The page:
If doing the same thing over and over again and expecting different results is the definition of insanity...What about when we put in “x+y” and expect it will always give us “z”? 

Looking at it simply, this should be the case, looking at it deeper, like quantum relationships, this is not always so.  Results vary, equations break. 

“Unless the LORD build the house,
they labor in vain who build.
Unless the LORD guard the city,
in vain does the guard keep watch.

It is vain for you to rise early
and put off your rest at night,
To eat bread earned by hard toil—
all this God gives to his beloved in sleep.” (Psalm 127:1-2)

I do believe that the something more needed for life is God.  He holds everything together.  I believe this on faith, because I know that something greater has to be holding everything in order.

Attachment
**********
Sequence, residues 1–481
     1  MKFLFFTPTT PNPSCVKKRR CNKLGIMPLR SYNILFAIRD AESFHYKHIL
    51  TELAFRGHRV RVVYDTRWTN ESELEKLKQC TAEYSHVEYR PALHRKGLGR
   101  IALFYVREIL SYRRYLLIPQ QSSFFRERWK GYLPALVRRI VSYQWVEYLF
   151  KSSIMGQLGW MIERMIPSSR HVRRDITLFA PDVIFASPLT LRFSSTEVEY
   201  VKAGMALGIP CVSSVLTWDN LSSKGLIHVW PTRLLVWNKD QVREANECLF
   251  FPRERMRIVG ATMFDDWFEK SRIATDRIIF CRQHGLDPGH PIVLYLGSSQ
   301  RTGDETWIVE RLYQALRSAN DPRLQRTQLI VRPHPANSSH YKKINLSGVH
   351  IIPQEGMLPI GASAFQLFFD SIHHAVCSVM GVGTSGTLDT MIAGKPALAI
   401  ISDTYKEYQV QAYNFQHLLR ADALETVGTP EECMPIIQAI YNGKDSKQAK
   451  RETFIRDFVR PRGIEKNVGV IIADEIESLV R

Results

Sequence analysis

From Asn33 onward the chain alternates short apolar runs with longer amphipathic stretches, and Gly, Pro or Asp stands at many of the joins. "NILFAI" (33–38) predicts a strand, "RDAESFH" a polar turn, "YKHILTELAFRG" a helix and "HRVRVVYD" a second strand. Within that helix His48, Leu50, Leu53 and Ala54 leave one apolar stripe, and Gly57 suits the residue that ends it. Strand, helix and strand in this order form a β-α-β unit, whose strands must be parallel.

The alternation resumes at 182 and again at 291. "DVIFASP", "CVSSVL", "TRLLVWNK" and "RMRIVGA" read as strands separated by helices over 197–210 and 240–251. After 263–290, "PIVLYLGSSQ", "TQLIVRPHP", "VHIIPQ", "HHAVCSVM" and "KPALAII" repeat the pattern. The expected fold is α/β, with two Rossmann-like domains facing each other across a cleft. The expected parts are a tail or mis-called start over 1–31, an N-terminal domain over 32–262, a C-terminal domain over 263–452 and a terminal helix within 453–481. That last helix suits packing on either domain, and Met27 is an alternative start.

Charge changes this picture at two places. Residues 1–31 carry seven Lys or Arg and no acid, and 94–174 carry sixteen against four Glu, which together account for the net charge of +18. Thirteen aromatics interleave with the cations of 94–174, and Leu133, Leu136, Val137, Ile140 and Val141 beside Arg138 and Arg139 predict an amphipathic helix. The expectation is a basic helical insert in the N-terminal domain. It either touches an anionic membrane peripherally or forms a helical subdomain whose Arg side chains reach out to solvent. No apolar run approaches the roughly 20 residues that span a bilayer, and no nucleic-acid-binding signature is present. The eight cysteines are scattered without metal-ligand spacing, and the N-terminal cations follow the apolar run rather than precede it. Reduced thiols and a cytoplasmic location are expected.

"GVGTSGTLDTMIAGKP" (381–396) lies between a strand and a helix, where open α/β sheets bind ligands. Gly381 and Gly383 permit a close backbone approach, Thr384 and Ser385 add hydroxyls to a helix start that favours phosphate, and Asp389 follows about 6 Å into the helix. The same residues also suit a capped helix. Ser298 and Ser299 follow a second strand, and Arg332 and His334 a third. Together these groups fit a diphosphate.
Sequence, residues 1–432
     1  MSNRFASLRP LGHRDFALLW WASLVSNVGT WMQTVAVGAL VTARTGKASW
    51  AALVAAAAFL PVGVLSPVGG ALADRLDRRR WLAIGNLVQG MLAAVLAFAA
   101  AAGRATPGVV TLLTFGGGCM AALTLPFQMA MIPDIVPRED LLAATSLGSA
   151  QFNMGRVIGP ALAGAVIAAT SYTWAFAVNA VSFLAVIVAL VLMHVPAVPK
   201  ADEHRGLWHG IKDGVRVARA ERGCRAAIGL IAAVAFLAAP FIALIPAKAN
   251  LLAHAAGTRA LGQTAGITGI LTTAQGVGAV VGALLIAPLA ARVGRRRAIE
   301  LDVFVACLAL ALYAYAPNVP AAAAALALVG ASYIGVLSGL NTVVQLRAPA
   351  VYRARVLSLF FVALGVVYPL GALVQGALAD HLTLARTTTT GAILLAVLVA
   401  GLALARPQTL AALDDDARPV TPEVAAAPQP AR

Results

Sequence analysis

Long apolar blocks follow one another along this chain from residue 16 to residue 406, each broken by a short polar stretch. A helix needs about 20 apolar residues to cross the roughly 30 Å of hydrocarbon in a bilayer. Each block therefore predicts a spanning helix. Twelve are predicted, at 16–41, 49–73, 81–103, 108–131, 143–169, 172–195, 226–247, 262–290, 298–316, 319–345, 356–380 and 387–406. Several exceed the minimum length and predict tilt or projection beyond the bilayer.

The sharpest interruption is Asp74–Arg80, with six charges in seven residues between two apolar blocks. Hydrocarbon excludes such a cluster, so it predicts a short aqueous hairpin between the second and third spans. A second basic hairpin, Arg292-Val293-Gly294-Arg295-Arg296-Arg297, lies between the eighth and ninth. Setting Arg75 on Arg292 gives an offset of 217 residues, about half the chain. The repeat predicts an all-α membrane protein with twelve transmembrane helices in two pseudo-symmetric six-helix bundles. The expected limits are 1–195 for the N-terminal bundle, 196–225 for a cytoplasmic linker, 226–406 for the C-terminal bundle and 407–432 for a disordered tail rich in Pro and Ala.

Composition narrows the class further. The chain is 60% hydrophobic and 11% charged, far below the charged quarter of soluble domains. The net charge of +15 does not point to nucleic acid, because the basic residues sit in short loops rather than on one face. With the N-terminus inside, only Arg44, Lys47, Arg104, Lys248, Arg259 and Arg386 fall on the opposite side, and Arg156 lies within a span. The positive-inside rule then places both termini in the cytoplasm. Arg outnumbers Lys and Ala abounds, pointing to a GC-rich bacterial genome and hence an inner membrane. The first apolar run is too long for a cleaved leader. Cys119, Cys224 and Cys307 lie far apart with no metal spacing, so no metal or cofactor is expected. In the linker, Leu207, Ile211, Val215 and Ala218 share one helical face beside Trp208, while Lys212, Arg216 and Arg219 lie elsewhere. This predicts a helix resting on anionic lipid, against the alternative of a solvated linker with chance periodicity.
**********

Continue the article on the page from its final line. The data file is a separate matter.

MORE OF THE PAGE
So why is it so difficult to trust that God will hold together my own little crazy life and will use my life for His greater glory, for the good of others, and for the good of my own soul?  If I do believe that He is an omnipotent God, what prevents me from putting my full trust in Him?

I think there have been at least a few times in the last several months where I have complained that God seems to often play the role of a procrastinator.  Why is it that some things just happen to work out at the very last second possible? 

Now I know that sometimes it is just how the the equation works out, and the odds are thus and so, and so finally it had to just work out one way or another. 

However, God has a perfect will and has a permissive will.  Everything that happens is either ordained by God’s perfect will or God’s permissive will.  Regardless, God’s will is somewhat of a mystery to us, and it permeates everything.